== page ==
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If My Chapter 13 is Dismissed, Who Gets the Money?

Posted on Apr 17, 2014 in Chapter 13

Recently, the district court for the Northern District of Illinois ruled on one of the important unresolved issues in chapter 13 bankruptcy: If a chapter 13 bankruptcy is dismissed, what happens to money that the chapter 13 trustee is holding when the case is dismissed? The district court decided that the funds held by the trustee belong to the debtor, and the trustee needs to return the money to the debtor.

I had the privilege of representing the debtors before the bankruptcy court. They had fallen behind in their payment obligations to the chapter 13 trustee, and then came current. They decided, thereafter, not to pursue their bankruptcy case any further. But the trustee had the money they’d paid to catch up. At the time of dismissal, the trustee was holding over $16,000. As their counsel, I wanted my clients to get their money back. The trustee, diligently endeavoring to maximize the creditors’ return, wanted to disburse the funds to their unsecured creditors.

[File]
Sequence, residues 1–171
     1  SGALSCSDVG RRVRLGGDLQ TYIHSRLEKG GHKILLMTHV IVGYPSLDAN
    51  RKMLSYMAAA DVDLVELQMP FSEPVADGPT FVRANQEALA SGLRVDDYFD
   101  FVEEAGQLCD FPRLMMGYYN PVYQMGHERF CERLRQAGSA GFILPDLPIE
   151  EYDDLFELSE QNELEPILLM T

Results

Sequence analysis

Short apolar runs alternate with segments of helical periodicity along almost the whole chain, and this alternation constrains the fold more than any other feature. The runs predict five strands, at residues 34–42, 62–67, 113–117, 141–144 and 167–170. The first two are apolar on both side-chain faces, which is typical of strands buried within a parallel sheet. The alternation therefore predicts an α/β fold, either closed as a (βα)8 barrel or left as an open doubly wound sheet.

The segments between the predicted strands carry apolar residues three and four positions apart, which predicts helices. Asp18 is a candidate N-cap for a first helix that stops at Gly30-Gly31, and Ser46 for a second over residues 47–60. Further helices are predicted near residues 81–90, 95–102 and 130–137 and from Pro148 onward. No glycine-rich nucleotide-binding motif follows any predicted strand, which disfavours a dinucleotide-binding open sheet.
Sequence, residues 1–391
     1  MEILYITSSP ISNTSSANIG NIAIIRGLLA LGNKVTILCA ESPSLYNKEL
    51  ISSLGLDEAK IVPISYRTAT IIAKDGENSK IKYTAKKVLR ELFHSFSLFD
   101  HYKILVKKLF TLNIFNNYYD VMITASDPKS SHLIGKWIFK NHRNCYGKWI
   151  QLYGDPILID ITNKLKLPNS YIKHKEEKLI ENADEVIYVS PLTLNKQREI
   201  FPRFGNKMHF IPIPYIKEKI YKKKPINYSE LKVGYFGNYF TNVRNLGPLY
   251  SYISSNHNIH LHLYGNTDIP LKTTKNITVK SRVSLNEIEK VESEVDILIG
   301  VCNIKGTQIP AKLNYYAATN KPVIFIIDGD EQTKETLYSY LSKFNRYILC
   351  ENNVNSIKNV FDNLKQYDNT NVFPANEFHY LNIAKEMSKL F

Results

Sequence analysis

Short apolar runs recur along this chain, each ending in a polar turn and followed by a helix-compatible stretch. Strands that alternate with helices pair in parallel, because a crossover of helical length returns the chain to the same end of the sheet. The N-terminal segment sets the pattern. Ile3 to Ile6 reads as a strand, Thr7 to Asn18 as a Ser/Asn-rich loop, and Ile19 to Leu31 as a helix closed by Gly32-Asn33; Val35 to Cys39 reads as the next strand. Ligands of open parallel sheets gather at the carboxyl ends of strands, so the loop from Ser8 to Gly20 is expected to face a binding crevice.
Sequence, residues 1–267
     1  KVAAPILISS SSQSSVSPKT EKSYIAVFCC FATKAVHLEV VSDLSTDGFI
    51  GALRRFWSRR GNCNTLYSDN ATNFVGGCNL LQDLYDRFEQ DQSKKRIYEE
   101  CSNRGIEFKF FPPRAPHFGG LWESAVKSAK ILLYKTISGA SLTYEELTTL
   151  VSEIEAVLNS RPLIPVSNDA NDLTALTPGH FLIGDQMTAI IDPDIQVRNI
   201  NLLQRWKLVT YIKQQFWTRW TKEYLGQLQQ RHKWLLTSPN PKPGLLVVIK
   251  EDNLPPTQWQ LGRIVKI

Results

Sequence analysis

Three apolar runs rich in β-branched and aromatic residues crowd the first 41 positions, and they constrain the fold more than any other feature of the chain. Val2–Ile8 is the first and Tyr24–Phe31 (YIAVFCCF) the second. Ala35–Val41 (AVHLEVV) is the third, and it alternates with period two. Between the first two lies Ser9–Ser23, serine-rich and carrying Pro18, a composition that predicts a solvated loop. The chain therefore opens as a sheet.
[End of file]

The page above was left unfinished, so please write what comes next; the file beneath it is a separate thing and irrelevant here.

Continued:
My firm and I undertook this endeavor on their behalf for free. Seeking to advance the law – and help our clients retain a ton of dough – we chose to pursue this litigation against the trustee entirely pro bono.

This is a close legal question, but at the end of the day, the bankruptcy court – and now the district court – reached the right result, and ordered that the trustee should return the funds held at the time the case was dismissed.

Technically speaking, under section 349(b)(3) of the bankruptcy code, a dismissal order revests property of the bankruptcy estate in the entity in which such property was vested before the commencement or filing of the case. Here, since the Trustee hadn’t yet paid to creditors the funds that my clients had paid to her, the funds belonged, post-dismissal, to my clients.

This is an important unresolved issue in chapter 13 debtor practice. The bankruptcy court opinion has already been cited in several other cases and jurisdictions – in the Middle District of Tennessee and the Eastern District of Pennsylvania, for example.

The crux of chapter 13 is a repayment plan that can last up to five years. It’s messy enough merely in theory, before one ever gets to the practice. (Imagine all the things that can happen to someone’s life and finances over the course of five years!) Once one gets to the practice, one quickly learns how often very smart people can disagree. So it’s always nice when, in some small way, I might be helping my colleagues and my clients get a little more clarity, not to mention helping my clients keep a lot more of their money.


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